We have shown that anti-CD43 mAb L11 is a potent inhibitor of lymphocyte homing from the blood into lymphoid organs, including the LN, PP, and spleen. Consistent with the preferential expression of CD43 on T cells, the effect is selective for T cell homing, although when the mAb is co-injected in excess some redistribution in B cell trafficking can also be observed. Inhibition is not due to toxicity since there is a concurrent increase in blood levels of T cells when homing is blocked and the distribution of L11treated cells returns to normal after 48 h.
The selective effect on T cells is unusual since most previously identified lymphocyte receptors involved in homing are shared by subsets of B cells as well, reflecting the common mechanisms of B and T cell traffic at least to organized lymph tissues. Moreover, molecules previously implicated in homing generally influence traffic in a tissue- selective fashion (2), whereas the effect of anti-CD43 shown here influences trafficking to LN, PP, and even spleen to a significant extent. This suggests an effect on an event common to T cell trafficking to diverse sites.
CD43 is an abundant leukocyte surface sialomucin that has been implicated both in antiadhesive roles, acting as a passive barrier to engagement of surface adhesion receptors, and in proadhesive activities, mediated, for example, through intracellular signaling and activation of leukocyte integrins (e.g., LFA-1) (23–25). In this context, the failure of L11 to inhibit lymphocyte rolling on PNAd or lymphocyte binding to MAdCAM-1 or ICAM-1 in vitro renders it unlikely that it is inducing a passive barrier activity of CD43. On the other hand, L11 might inhibit a normal proadhesive signaling activity in the context of lymphocyte homing. However, our results are also consistent with involvement of a previously unidentified vascular ligand for CD43, with CD43–endothelial interaction representing an additional step in the multistep processes of lymphocyte–HEV (and spleen marginal sinus lining cell) interactions in vivo. In this context it is relevant that VAP-1 has recently been implicated in lymphocyte–HEV interactions in the PLN and its role in the multistep process of HEV interaction appears to precede that of LFA-1.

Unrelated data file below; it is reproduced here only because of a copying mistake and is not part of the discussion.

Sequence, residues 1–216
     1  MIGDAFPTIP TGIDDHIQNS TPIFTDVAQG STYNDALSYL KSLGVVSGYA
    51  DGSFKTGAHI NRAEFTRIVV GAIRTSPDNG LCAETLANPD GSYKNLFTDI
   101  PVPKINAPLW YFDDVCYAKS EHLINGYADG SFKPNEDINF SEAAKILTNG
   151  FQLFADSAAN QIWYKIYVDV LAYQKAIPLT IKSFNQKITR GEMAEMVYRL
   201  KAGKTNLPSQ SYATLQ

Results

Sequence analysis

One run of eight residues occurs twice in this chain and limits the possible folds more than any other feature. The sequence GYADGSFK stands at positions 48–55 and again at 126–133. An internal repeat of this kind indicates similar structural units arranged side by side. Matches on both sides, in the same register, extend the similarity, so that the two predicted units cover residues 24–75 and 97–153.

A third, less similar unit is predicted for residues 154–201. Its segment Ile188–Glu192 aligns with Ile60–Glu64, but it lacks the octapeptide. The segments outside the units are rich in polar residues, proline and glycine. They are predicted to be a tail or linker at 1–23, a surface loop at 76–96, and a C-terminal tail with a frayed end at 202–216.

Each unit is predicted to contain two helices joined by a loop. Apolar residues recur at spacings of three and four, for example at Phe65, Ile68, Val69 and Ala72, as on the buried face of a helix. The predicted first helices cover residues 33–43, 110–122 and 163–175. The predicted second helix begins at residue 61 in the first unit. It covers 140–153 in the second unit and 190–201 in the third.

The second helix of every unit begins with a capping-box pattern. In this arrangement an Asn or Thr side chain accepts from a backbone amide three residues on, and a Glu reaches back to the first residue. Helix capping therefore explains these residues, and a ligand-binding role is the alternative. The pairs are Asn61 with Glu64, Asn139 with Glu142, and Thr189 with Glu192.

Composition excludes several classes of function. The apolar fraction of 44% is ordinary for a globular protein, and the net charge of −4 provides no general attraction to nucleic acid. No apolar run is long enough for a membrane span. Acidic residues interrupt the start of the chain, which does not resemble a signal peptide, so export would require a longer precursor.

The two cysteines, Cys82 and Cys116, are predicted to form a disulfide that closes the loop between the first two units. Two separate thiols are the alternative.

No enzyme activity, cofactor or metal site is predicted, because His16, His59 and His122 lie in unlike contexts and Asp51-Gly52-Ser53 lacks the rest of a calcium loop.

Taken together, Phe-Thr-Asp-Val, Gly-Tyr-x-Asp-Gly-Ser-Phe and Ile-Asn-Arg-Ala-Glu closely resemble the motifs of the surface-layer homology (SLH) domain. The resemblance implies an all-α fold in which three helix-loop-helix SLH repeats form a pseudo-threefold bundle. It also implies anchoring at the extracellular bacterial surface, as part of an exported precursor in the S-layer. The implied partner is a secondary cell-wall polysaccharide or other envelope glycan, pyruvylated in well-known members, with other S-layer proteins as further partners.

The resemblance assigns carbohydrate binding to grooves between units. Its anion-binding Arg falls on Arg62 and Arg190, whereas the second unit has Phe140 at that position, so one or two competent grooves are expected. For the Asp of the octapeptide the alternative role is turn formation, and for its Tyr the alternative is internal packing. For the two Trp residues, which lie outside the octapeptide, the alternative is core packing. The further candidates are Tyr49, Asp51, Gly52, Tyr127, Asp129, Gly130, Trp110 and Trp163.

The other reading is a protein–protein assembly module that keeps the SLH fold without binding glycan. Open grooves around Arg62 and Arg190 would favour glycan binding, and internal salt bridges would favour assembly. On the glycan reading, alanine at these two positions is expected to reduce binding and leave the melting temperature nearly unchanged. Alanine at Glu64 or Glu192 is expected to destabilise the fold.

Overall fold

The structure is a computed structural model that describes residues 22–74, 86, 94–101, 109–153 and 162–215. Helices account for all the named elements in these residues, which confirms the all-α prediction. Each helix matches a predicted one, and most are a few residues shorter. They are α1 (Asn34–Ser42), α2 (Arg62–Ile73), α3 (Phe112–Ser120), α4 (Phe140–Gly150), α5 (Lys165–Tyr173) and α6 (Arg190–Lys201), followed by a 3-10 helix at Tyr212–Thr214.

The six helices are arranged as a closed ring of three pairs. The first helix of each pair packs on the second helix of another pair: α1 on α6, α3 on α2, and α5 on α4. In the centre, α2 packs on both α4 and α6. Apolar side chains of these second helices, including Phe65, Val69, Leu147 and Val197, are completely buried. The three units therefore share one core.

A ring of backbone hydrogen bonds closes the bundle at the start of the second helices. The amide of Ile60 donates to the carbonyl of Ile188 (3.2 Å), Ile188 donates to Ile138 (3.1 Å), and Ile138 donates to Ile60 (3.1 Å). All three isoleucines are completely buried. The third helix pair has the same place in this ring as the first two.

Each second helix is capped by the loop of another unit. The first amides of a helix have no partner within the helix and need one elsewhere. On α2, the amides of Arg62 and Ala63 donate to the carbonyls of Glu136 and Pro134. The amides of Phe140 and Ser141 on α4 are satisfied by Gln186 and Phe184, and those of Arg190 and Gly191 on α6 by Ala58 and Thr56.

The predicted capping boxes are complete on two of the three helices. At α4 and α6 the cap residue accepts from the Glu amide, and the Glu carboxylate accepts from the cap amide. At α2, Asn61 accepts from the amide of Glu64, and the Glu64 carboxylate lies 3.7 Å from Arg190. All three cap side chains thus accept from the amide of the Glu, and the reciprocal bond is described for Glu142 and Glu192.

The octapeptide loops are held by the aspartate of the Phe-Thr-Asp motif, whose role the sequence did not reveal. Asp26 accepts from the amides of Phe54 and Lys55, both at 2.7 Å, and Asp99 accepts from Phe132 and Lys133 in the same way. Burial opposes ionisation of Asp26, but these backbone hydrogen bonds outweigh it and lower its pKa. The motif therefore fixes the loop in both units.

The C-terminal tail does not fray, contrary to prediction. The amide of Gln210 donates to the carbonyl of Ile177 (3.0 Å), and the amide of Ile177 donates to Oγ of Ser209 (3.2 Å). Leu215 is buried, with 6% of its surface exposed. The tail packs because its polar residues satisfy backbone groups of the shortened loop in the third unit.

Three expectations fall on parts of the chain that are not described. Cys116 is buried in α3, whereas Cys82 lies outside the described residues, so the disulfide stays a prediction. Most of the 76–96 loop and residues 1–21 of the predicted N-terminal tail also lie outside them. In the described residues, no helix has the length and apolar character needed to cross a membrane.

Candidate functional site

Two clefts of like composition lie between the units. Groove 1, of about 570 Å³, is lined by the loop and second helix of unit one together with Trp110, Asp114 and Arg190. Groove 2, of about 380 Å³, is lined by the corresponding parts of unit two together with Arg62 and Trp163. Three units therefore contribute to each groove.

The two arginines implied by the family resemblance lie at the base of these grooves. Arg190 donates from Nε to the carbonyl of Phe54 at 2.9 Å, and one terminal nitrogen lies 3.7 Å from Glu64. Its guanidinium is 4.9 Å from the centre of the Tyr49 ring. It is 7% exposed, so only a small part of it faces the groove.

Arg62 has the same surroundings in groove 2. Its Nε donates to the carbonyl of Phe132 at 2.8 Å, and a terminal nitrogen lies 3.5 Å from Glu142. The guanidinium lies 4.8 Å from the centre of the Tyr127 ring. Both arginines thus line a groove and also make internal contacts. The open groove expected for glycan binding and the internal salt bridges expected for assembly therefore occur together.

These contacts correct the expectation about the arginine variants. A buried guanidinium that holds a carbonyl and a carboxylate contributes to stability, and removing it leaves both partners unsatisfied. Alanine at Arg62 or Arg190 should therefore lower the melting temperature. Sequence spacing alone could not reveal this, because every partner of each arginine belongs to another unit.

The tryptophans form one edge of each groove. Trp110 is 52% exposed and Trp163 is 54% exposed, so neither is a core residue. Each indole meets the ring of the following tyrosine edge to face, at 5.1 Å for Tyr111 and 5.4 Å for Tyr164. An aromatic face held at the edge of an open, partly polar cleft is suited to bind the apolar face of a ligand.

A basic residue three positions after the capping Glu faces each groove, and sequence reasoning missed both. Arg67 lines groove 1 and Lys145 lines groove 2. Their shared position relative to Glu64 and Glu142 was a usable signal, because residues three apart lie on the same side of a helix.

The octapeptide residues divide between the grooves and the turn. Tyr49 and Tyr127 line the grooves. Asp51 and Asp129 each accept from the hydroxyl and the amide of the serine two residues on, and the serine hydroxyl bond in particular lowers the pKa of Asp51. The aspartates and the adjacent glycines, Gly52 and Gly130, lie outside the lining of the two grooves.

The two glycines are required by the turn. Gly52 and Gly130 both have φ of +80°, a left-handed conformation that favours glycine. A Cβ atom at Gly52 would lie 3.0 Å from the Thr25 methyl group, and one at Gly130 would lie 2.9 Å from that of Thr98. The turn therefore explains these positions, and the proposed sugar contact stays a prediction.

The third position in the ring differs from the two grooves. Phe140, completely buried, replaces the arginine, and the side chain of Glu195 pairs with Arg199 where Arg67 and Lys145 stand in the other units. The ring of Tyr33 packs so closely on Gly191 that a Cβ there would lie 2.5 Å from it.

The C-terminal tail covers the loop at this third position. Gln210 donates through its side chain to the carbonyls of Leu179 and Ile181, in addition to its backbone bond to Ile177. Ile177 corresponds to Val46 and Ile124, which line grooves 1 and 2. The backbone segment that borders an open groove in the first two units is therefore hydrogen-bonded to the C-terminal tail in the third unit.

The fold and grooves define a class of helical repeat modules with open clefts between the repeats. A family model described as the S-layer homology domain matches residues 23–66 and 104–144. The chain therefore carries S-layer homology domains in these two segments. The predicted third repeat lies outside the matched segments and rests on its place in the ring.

In conclusion, anti-CD43 mAb L11 inhibits lymphocyte recruitment to lymphoid organs, acting at the level of lymphocyte–EC recognition. Inhibition is selective for T cells, suggesting an experimental and therapeutic approach, and potentially a physiologic mechanism, for differential control of T versus B cell homing.
The authors thank Evelyn Resurrecion, Jamie Lopez, Jean Jang, and June Twelves for technical assistance and Drs. Ellen Berg, Eddie Bowman, Carlo Laudanna, and Sherry Haugejordan-Brown for comments on the manuscript.
L.M. McEvoy was a Senior Fellow of the American Heart Association, California Division, and the National Multiple Sclerosis Society during part of this work. H. Sun is supported by a predoctoral award by the National Cancer Institute. This work was supported by grant AI37319 from the National Institutes of Health and the Core Facilities of the Stanford Digestive Disease Center under DK38707.
Address correspondence to Dr. Leslie M. McEvoy, Department of Pathology, L235, Stanford University, Stanford, CA 94305.